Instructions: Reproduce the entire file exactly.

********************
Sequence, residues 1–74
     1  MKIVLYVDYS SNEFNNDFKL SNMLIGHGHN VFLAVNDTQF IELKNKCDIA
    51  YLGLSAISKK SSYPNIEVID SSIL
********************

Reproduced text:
Sequence, residues 1–74
     1  MKIVLYVDYS SNEFNNDFKL SNMLIGHGHN VFLAVNDTQF IELKNKCDIA
    51  YLGLSAISKK SSYPNIEVID SSIL